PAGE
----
Figure 12-4.Posed photographs should appear as
if the l action were spontaneous.
Shoot only when you have in mind the type of
photograph you intend to take.
Keep the photographs from looking posed.
Posed photographs are permissible and for best
results, it is often necessary for subjects to pose,
but this fact should not be discernible in the
finished photograph (fig. 12-4).
Set the stage, place the props for dramatic effect
and tell the people what to do and how to look.
As we emphasized in Chapter 11, you must be
in charge when directing photographic subjects.
Resist the temptation to ask the photographic
subject(s) to hold for one more. Most people
will do almost anything required for the first
take; thereafter, they lose interest quickly in
photograph ultimately suffers. However, if you
feel that for some technical reason you did not
get the photograph the first time, do not hesitate
to speak up and ask for another shot. Remember,
you were sent on the assignment to get pictures,
and this is what you are expected to deliver.
Photograph the faces that fit the emotion. A
smile or pleasant expression does not show a
lack of dignity; it shows that Navy men and
women also have fun.
Move in on your subject and make your
photographs show the desired action. Seldom, if
ever, will you be concerned with sweeping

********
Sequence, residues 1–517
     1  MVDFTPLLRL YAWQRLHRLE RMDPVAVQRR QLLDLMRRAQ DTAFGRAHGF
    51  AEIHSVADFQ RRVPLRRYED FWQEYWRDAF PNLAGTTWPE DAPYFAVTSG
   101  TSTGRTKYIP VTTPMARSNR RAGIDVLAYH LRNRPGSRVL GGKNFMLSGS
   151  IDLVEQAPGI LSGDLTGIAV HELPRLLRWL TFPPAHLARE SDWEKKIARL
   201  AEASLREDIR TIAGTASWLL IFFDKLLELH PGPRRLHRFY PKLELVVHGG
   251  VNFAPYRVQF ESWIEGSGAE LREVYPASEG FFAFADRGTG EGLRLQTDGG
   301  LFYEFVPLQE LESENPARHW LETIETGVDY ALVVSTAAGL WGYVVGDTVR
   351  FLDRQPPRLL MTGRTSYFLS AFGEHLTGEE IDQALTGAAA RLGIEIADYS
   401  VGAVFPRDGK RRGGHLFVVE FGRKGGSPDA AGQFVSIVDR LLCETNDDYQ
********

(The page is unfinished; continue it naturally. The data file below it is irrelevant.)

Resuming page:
panoramas, unless they tell the story you want
Learn as much as you can of the event, the
shooting locale and the principles involved
before you leave the public affairs office.
Always record sufficient information so you may
properly identify and prepare cutlines for your
photograph upon returning to your office. Using a
notebook or caption log to record cutline information
was covered in Chapter 9. Additionally, you may have
an assistant jot down the information or tape record it as
you go along.
Some professional photojournalists plan their
shooting with great care, including a complete shooting
schedule or script. You should study the script before the
assignment and commit it to memory, rather than
checking it shot by shot at the scene. Often, you may
have to depart from your script when shooting at the
scene. You must stay one jump ahead of the action, and
when the unexpected occurs, be prepared to make a
change remembering your story angle and objectives.
A good script is usually divided into two parts. The
first part is concerned with the general idea of the picture
story. All pertinent information, such as names, places,
times and contacts are listed in this part. The second part
lists the picture ideas and the information pertinent to
PART ONE. The research of a photo feature
theme is of the utmost importance to the success of any
picture story. A firm idea of what is going to be shot and
the approach that will be taken is needed before shooting